past, present, future

“What I am doing, you do not understand now, but you will understand later.” John 13:7

This morning I woke up at 5:15 to do some work. [I know! On a Saturday no less.] About an hour later, I heard Philomena crying through the monitor. This was definitely too early for her to be up. Then I heard Ryan going to her and comforting her only to be met with a screeching, “Moooooommmmmy! Moooooommmmmy! Moooooommmmmy!” I considered just ignoring it and letting him deal with her [and he gladly would have], but it was Ryan’s first morning to sleep past 6:00 in months, and I felt a twinge of wifely guilt. So, I closed the computer and went upstairs.

When I picked her up, Mena immediately quieted, and I decided to bring her to our bed to cuddle. Quickly she fell back asleep in my arms. Since I was wide awake, I definitely contemplated sneaking away to get some more work done, but then I decided this was one of those soak-up-the-moment-because-your-baby-is-getting-so-big times. And so, I just held my sleeping toddler and prayed in the early morning light.

I will admit I’ve been having a lot more of these moments lately. And it goes deeper than the cliche “oh, they grow up so fast!” kind of mentalities. Since Ryan and I have been dealing with secondary infertility [we’ve actively been trying to have a baby since our miscarriage almost a year ago], there is a very distinct possibility she may be our only child. I don’t mean this in a pessimistic or pity-seeking way; it is just the reality of the situation.

Lately, I’ve made comments to Ryan like, “sometimes I wish I would have known in that first year she might be our only baby. Maybe I would have been more present. Maybe I would have approached those months differently.”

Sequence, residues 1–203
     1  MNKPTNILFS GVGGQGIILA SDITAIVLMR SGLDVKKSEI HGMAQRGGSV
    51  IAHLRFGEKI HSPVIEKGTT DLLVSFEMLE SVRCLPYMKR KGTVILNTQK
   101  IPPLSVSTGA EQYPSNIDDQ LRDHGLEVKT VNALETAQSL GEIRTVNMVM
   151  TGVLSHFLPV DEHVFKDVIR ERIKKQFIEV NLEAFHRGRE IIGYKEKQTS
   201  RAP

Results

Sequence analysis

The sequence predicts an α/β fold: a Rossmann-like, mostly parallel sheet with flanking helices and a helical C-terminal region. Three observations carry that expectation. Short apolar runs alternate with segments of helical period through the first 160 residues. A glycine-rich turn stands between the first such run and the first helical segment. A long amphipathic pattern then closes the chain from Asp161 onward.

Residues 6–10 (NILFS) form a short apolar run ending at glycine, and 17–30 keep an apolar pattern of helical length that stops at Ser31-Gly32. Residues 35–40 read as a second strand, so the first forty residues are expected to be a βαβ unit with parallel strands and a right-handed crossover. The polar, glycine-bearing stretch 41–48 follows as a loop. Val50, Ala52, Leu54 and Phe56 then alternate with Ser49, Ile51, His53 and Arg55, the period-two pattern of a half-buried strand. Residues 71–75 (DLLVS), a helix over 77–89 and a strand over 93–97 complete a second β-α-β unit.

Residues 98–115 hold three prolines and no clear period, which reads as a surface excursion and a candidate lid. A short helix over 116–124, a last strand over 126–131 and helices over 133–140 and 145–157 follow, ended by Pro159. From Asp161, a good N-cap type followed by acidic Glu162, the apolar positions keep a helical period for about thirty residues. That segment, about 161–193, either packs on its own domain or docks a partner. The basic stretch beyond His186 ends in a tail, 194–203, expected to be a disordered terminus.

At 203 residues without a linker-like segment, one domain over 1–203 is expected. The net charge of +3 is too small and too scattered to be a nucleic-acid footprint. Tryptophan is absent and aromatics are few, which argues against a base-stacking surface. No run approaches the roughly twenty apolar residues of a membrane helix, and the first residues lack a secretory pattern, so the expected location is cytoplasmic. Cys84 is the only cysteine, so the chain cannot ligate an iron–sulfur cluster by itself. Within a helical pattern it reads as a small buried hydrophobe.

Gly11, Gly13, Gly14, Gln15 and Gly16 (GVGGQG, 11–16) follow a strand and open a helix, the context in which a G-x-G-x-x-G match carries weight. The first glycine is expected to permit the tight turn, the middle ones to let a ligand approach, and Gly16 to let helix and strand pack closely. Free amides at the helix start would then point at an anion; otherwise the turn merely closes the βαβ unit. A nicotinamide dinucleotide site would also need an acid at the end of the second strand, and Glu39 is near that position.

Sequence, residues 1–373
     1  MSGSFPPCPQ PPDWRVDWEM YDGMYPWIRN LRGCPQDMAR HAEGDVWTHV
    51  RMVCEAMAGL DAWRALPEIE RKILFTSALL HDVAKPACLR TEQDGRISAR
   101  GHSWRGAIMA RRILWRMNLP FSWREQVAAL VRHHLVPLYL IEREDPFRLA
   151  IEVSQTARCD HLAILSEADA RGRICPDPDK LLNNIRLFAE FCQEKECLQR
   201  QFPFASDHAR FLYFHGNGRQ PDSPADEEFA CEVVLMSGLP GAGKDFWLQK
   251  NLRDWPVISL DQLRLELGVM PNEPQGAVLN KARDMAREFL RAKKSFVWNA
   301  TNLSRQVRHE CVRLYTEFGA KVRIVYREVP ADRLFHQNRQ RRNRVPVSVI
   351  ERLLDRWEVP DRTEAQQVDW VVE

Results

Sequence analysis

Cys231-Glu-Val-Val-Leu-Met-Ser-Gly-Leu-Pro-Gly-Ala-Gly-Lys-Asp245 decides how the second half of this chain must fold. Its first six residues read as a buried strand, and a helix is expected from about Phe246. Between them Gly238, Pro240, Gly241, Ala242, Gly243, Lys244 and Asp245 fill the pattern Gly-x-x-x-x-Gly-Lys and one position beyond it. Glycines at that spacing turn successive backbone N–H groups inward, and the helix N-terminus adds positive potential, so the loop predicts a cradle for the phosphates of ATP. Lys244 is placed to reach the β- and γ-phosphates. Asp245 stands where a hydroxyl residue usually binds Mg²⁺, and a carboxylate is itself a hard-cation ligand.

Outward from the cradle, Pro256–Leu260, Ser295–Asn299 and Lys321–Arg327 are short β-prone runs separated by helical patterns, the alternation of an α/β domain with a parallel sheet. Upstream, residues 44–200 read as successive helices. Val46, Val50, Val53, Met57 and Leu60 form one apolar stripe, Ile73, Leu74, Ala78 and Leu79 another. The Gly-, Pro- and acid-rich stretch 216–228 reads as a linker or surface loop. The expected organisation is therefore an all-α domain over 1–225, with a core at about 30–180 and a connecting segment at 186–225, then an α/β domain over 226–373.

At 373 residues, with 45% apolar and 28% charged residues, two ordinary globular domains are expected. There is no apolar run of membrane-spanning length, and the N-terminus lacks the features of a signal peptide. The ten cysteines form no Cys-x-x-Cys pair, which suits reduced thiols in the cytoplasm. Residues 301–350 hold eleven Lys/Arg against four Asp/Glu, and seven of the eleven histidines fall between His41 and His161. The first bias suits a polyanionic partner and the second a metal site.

However, the more I think and pray about it, it is probably good that the Lord shielded us from that knowledge. An example that comes to mind was when I was studying abroad in Europe for a semester in college. Every weekend I went to a different country for a new adventure. I remember someone giving me the advice, “you should go to each new city with the mentality that you will be coming back someday.” At first, I thought that notion was ludicrous. I figured I should be doing the opposite. I should be going to each city as if I would never be back, so as to do and see everything that I could. However, I quickly learned that there is a lot to take in when traveling in a new place. And the times I tried to do and see “everything,” I wouldn’t be having a good time, and I just ended up stressed out.

I think the same would have happened if I knew Philomena may be our only child. I was already pretty emotional about milestones and having her “grow up.” If I would have known this may be the only time I experienced it, I think I would have been almost paralyzed with stress and anxiety about “experiencing” it perfectly.

And if I look deep inside myself, I really don’t have any major regrets regarding those early months. Indeed, I did soak up her newborn-ness, just gazing at her for hours and hours on end. I did appreciate those hundreds [thousands?] hours of nursing. And we took an absolutely ridiculous amount of pictures and videos. I am sure we were distracted at times, but overall we were present, probably more so than we had ever been in our former lives. If I would have known she may be our “only,” I would have been accompanied by a constant fear of “missing this moment.”

Yes, it is true that she may be our only child. Or maybe God will, indeed, grant us another baby. Or perhaps He will open the door to adoption. And maybe that door will be for an older child, not a newborn. Or maybe it will be for a baby. Your prediction is as good as mine at this point.